• In contrast, Carr and Shepherd advocate task-related training with methods to increase strength, coordination and flexible MS system to develop skill in walking while Treadmill training combined with the use of a suspension tube. Some patient’s body weight can effective in regaining walking ability when used as an adjunct to convention therapy 3 months after active training.

11. Functional Mobility Training

  • To handle the functional limitations of stroke patients, functional tasks are taught to them based on movement analysis principles. In Stroke Physical Therapy these tasks include bridging, rolling to sit to stand and vice versa, transfer skills, walking and staring, etc.
  • Published studies report that many patients improve during rehabilitation. The strongest evidence of benefit is from studies that have enrolled patients with chronic deficits or have included a no-treatment control group.
  • Meanwhile, early mobilization helps prevent compilations e.g. DVT, skin breakdown contracture and pneumonia. Evidence has shown better orthostatic tolerance and earlier ambulation.

12. Upper limb training

By 3 months poststroke, approximately 37% of the individuals continue to have decreased upper extremities (UE) function. Recovery of UE function lags behind that of the lower extremities because of the more complex motor skill required of the UE in daily life tasks. That means many individuals who have a stroke are at risk for a lowered quality of life. Many approaches to the physical rehabilitation of adults post-stroke exist that attempt to maximize motor skill recovery. However, the literature does not support the efficacy of any single approach. The followings are the current approaches to motor rehabilitation of the UE.

  • a. Facilitation models – They are the most common methods of intervention for the deficits in UE motor skills including Bobath, proprioceptive neuromuscular facilitation, Brunnstrom’s movement therapy, and Rood’s sensorimotor approach. There is some evidence that practice based on the facilitation models can result in improved motor control of UE. However, an intervention based on the facilitation models has not been effective in restoring the fine hand coordination required for the performance of actions.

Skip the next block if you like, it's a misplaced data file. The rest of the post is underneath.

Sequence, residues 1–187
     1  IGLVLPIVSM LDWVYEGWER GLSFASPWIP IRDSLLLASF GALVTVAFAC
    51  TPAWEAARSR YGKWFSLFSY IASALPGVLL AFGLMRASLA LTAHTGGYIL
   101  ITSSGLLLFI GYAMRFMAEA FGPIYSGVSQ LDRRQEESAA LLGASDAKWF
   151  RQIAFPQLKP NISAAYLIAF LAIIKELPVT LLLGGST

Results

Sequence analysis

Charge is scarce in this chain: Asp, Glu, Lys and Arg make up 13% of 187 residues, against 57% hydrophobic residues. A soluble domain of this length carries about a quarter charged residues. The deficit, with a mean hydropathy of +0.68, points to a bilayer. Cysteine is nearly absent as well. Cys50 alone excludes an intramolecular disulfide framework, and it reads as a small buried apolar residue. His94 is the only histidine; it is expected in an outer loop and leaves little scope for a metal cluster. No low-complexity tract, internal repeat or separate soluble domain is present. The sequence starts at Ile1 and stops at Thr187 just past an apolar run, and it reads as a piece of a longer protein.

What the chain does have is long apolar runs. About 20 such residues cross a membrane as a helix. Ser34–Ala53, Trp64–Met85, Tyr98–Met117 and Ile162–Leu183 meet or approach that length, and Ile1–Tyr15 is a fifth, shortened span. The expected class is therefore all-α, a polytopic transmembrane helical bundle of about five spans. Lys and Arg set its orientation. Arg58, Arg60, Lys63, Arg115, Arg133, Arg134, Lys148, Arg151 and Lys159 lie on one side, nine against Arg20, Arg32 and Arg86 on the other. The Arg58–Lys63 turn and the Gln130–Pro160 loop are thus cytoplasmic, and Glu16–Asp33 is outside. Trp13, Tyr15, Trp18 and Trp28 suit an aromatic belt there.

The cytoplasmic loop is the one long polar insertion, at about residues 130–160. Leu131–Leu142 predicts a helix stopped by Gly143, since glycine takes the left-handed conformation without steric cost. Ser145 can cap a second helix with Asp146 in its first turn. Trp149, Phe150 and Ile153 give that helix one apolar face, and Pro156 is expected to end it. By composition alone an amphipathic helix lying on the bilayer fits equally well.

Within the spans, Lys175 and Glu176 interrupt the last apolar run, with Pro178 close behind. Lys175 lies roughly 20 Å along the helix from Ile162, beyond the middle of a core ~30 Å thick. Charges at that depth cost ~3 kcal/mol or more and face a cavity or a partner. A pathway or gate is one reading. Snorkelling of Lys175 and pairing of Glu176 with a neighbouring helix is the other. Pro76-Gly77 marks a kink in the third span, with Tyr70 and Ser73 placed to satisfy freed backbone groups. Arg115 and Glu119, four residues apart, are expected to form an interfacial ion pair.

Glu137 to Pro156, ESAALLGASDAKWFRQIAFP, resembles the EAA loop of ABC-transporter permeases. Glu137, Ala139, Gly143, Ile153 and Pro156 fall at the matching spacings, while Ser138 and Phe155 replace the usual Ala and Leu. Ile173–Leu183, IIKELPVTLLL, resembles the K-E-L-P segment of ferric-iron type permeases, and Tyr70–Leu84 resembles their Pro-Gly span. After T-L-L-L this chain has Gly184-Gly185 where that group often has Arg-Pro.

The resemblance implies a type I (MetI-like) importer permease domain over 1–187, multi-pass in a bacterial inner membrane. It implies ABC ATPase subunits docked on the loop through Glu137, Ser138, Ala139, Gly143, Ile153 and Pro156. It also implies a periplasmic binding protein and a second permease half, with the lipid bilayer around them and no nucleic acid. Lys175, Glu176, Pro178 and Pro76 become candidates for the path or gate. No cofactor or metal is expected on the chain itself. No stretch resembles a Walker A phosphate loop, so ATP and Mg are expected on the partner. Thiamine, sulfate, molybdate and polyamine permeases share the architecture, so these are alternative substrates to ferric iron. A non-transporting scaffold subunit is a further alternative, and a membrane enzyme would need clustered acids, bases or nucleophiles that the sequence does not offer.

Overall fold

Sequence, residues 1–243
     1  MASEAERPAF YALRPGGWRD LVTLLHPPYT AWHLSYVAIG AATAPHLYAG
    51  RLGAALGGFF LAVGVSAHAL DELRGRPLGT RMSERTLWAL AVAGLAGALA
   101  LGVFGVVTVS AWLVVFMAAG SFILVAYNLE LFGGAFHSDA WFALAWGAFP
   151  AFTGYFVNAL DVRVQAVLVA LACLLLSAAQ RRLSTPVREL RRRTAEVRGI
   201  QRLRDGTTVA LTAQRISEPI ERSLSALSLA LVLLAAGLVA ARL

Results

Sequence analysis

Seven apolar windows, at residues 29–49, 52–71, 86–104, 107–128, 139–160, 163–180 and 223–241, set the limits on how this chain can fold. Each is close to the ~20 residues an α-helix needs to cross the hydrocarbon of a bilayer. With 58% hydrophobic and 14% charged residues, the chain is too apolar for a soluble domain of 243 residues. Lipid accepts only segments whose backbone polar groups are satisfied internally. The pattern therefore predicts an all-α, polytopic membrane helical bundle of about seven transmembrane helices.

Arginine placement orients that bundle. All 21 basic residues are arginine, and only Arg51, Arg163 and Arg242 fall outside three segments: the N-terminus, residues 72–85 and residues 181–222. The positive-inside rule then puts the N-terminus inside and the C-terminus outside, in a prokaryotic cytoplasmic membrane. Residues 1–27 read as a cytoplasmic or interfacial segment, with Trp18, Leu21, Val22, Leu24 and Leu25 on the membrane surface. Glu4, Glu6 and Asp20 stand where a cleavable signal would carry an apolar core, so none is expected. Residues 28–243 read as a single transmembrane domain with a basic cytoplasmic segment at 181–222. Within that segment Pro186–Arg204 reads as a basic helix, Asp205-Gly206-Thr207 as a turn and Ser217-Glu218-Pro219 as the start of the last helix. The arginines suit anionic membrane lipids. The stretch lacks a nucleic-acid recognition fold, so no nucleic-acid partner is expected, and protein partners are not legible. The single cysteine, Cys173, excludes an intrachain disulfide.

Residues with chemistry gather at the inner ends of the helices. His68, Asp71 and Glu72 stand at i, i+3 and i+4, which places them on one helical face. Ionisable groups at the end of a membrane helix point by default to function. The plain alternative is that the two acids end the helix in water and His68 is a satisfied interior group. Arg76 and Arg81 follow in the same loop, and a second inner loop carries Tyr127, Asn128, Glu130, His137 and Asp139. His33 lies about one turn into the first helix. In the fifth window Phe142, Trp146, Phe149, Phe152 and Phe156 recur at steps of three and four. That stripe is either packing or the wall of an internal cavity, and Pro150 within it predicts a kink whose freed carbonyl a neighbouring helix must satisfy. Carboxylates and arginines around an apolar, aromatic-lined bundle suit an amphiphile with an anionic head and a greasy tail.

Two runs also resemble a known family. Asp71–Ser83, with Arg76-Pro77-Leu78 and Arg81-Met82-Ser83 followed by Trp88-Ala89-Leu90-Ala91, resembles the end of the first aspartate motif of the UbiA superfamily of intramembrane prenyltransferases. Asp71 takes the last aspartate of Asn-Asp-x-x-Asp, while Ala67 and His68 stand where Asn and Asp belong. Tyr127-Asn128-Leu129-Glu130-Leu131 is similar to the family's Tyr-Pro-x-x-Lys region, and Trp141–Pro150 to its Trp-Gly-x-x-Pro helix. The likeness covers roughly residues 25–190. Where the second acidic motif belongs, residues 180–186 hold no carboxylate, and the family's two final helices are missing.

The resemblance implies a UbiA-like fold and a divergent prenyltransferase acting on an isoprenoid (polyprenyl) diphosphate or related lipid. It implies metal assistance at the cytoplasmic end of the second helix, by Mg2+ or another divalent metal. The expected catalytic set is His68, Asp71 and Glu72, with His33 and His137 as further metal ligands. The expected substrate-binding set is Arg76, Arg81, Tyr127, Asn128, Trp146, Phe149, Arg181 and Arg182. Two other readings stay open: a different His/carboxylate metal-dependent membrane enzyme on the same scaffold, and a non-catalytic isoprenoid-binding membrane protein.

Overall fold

• b. Functional electric stimulation – In Stroke Physical Therapy, Functional electric stimulation (FES) can be effective in increasing the electric activity of muscles or increased active range of motion in individuals with stroke. Some evidence showed that FES may be more effective than facilitation approaches.
  • c. Electromyographic biofeedback – In Stroke Physical Therapy, biofeedback can contribute to improvements in motor control at the neuromuscular and movement levels. Some studies have shown improvements in the ability to perform actions during post-testing after biofeedback training. However, the ability to generalize these skills and incorporate them into daily life is not measured.
  • d. Constraint-induced therapy – Constraint-Induced (CI) therapy was designed to overcome the learned nonuse of the affected UE. In the most extreme form of CI therapy, individual post-stroke is prevented from using the less affected UE by keeping it in a splint and sling for at least 90% of their waking hours. Studies have found that the most extreme of CI therapy can effect rapid improvement in UE motor skill and that is retained for at least as long as 2 years. However, CI therapy currently is effective only in those with distal voluntary movement.